Other scriptural accounts describe the power of oneness in relation to its converting power. Alma and Amulek became one and helped to convert many wicked Nephites. The sons of Mosiah became one and were the instruments in converting thousands of blood-thirsty Lamanites. Alma’s grandsons, Nephi and Lehi, became one and helped convert yet more thousands of the unrepentant. So how can we access the power of gathering in the Lord’s name for our wayward loved ones, even if we are single parents or acting without the faith or support of our spouse?
Unity of Faith Through Purpose, Action, Fasting, and Prayer
President Henry B. Eyring promised us that the wayward soul would return as a reward of our unrelenting efforts and oneness. In many cases, he said, God would call back our children (and one could certainly apply this to other loved ones) through those who are called to serve in the Church.[vii] We should become one with our bishop, family, and trusted and influential friends to apply faith in behalf of our struggling loved ones. Remember, Joseph Smith said, “The greatest temporal and spiritual blessings which always come from faithfulness and concerted effort, never attended individual exertion or enterprise.”[viii]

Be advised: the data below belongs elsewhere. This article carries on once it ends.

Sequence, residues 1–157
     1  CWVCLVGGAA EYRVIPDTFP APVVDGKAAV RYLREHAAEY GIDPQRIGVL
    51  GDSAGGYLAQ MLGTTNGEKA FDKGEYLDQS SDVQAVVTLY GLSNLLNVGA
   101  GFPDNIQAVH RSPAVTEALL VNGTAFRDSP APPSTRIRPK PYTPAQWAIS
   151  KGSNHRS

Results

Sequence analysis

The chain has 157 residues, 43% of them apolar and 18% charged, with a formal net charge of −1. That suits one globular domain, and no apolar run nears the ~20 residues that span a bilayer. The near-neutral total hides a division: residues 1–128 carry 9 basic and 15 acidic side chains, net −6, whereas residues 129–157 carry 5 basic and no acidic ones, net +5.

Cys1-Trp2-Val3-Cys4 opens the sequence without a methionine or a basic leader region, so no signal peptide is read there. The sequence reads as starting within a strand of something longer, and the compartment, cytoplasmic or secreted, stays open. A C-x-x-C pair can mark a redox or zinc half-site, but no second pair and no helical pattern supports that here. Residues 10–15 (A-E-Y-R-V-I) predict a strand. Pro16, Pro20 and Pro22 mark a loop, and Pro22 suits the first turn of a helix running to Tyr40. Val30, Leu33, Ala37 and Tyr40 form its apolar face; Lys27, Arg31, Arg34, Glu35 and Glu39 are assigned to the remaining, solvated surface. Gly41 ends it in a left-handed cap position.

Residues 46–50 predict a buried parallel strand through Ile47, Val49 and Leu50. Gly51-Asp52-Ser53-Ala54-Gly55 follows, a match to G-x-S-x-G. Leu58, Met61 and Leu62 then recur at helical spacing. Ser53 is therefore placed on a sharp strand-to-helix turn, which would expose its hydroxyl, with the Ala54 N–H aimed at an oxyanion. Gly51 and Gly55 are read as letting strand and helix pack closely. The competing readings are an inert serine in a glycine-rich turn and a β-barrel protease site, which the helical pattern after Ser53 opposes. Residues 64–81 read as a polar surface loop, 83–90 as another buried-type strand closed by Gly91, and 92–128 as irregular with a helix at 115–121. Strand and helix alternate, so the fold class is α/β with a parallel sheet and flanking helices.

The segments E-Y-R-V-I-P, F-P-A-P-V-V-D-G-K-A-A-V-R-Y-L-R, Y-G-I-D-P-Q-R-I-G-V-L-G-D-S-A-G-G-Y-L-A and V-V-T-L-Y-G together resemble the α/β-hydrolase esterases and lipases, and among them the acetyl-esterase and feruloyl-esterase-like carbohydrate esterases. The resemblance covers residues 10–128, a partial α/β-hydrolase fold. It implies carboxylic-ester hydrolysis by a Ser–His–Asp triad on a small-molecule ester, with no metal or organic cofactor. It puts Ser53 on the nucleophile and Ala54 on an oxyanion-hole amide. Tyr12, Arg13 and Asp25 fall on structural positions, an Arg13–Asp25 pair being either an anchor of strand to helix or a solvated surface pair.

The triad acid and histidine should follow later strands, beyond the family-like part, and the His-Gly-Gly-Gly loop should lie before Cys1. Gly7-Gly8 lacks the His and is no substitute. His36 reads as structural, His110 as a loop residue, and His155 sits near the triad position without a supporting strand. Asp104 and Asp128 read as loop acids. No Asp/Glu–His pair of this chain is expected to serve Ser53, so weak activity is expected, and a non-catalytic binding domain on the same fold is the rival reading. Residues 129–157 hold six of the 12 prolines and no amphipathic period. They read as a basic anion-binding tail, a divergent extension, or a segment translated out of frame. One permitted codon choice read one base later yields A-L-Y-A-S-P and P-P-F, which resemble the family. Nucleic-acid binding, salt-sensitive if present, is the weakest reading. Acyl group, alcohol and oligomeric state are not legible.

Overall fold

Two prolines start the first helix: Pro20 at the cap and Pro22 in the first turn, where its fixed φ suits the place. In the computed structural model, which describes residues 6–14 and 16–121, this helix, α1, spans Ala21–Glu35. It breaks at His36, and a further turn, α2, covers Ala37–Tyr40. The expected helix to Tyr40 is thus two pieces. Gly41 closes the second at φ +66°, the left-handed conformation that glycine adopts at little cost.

Caring friends, family, bishoprics, teachers, and other relevant local Church presidencies should be invited to participate in influencing, fasting, and praying for our loved ones. Unity in purpose and action is made even more holy and influential through prayer.
For instance, in the presence of six Elders, the Prophet Joseph Smith received a revelation that, in part, speaks to the subject of the power of multiple voices united in prayer. Because they were gathered in the Lord’s name and united in prayer, the Lord was in their midst and invited them to ask for and receive blessings: